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The Anti-Davos, Anti-Capitalist Forum Bringing Thousands to Tunis

70,000 activists from all over the world will gather to find solutions to global injustice.

Image via the Forum Social Mondial 2015's Facebook page.

Over 70,000 anti-capitalists from all over the world are expected to descend on the capital of Tunisia this week for the 10th annual World Social Forum, where they will devise strategies for fomenting a populist revolution and distributing the wealth equally (probably). The conference was concieved as a rejoinder to the annual World Economic Forum in Davos, an annual neoliberal gathering of people who like to make money at the expense of other people who have no money.


Over 5,000 groups and organizations from 150 countries will arrive and participate in five day’s worth of workshops, lectures, exhibitions, performances, and film screenings, all geared toward an audience interested in finding solutions for global economic injustice. The forum will be inaugurated with a solidarity march to honor the victims of last week’s Bardo museum attack in which 21 people were killed.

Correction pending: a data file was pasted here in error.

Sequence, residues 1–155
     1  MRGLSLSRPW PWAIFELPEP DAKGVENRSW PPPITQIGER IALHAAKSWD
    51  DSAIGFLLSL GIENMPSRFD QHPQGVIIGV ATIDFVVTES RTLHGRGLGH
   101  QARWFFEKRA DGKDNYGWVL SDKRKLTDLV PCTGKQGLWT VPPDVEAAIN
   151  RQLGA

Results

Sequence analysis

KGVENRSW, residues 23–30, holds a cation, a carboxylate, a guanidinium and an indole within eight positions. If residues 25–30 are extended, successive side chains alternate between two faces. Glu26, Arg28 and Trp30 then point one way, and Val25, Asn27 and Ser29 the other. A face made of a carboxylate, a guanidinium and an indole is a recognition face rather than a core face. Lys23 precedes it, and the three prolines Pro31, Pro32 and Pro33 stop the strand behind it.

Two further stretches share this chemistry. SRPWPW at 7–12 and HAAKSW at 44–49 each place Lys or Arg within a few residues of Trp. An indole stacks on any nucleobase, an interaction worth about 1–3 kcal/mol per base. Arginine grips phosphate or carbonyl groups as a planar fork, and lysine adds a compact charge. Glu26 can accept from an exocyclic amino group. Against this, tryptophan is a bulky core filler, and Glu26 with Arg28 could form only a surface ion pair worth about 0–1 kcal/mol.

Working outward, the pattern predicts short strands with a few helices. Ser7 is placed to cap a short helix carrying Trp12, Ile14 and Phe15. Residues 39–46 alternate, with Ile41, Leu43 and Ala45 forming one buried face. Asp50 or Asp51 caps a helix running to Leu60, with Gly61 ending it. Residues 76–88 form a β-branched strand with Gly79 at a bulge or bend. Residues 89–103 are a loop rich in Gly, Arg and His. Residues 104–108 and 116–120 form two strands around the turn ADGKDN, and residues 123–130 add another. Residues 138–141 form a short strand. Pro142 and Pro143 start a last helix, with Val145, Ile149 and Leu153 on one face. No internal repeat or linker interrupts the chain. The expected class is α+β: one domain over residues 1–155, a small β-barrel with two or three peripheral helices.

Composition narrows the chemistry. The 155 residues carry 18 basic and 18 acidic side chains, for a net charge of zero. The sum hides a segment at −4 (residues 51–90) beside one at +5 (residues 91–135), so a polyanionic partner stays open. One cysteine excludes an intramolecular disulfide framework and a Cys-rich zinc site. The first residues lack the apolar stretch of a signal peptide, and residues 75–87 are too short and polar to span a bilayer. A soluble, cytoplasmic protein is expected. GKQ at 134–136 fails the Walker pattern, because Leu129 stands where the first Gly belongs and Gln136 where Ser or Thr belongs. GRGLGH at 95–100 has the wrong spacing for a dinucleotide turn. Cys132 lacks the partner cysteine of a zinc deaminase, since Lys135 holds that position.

In the Guardian, Adriano Campolina, the CEO of ActionAid, a developmental NGO committed to ending global poverty, writes that although they have won some successes, they still have some way to go. Issues like climate change and gender inequality have been brought to the forefront of the global political consciousness by current events.

“At this year’s meeting, there is a stronger sense than ever that what once were viewed as different causes are now seen by frontline activists as one common cause,” he wrote. “Global efforts to end poverty and marginalisation, advance women’s rights, defend the environment, protect human rights, and promote fair and dignified employment are all being undermined as a consequence of the concentration of wealth and power in the hands of a few.”

In the wake of the European financial crisis, left-wing parties all over the EU are benefitting from increasing popularity and support. Across Germany, Belgium, Ireland, Greece, Spain and even across the Atlantic in Montreal, tens of thousands of people are rising up in protest against neoliberal financial organizations like the IMF and the World Bank. The World Social Forum hopes to find an answer to these growing and wide-scale grievances—one that falls outside the tried-and-failed slate of solutions provided by capitalism.

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